Nearly a million documents, including drafts of famous war speeches and cigar bills, have been digitised
Nearly a million documents that make up Winston Churchill’s archive, ranging from school reports, drafts of his famous wartime speeches, to cigar bills, have been made instantly accessible to students, historians, and even politicians looking for lessons from past coalition governments.
The entire archive, based at Churchill College, Cambridge, has been digitised enabling researchers, such as the director of its archive centre, Allen Packwood, “to find a needle in the Churchill haystack”.
The archive includes personal letters, official exchanges with kings, presidents and generals, as well as references to his love of brandy.
They include private comments behind his public speeches and MI5’s concern that gifts of Cuban cigars could contain poison or explosives. His comments on coalition governments and the need for unity in “exceptional times” are also among the papers.
In a reference in 1922 to the coalition led by Lloyd George, Churchill noted: “If you took opinions from newspapers you would suppose the government was torn by the fiercest of divisions”. The coalition fell shortly afterwards.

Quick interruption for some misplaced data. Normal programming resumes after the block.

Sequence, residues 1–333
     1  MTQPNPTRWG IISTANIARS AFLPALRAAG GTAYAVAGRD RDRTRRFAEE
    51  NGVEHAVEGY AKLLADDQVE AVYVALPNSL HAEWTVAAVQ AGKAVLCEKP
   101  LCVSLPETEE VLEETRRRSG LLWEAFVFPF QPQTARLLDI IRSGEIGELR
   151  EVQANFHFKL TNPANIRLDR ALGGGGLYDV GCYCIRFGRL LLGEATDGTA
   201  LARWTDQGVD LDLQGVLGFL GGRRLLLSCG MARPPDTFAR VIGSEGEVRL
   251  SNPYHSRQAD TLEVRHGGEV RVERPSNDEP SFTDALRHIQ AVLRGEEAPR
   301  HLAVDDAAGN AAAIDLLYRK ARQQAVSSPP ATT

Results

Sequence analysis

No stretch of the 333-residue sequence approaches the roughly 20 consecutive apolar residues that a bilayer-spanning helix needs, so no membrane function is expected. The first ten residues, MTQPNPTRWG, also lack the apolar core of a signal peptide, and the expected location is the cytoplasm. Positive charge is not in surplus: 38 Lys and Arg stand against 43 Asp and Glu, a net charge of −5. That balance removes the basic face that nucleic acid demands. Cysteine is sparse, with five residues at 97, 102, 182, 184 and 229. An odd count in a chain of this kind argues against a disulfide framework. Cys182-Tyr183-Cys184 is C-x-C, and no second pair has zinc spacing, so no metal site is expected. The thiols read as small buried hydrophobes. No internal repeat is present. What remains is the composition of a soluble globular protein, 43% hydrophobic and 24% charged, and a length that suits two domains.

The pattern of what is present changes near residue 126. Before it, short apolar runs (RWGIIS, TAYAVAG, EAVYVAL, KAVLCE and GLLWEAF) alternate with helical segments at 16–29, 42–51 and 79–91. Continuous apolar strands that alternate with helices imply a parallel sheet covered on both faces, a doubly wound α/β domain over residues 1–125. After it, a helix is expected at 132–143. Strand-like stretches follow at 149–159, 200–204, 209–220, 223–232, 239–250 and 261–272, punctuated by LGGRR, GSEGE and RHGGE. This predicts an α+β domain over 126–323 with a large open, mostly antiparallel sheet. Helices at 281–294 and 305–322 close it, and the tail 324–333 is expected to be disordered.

Also among the documents is a cigar bill from Robert Lewis, which still exists trading under a different name on St James’s Street, London.
The digital archive, which can be accessed remotely, is published by Bloomsbury. The annual subscription for universities and libraries and other institutions starts at £1,120 for a small college rising to several thousand pounds depending on the size of the organisation and nature of the contract, Eela Devani, the Churchill project director at Bloomsbury said.
Packwood described the archives as “the most significant collection of modern papers”. Students and those belonging to any organisation that has paid for the digital archive will be able to access and browse it, or go immediately to a specific item using the search engine, he said.
The website contains links to the Oxford Dictionary of National Biography and Who’s Who, and other reference works.
David Woolner, senior fellow at the Roosevelt Institute in the US said: “There are few figures more important to the history of the 20th century than Winston Churchill. Making his archives accessible to scholars and students of history the world over … will provide new generations with the opportunity to gain a deeper understanding of not only Churchill, but also the tumultuous times in which he lived.”
Jonathan Glasspool, managing director of Bloomsbury Academic described the Churchill Archive as “the closest the UK has to a presidential library”.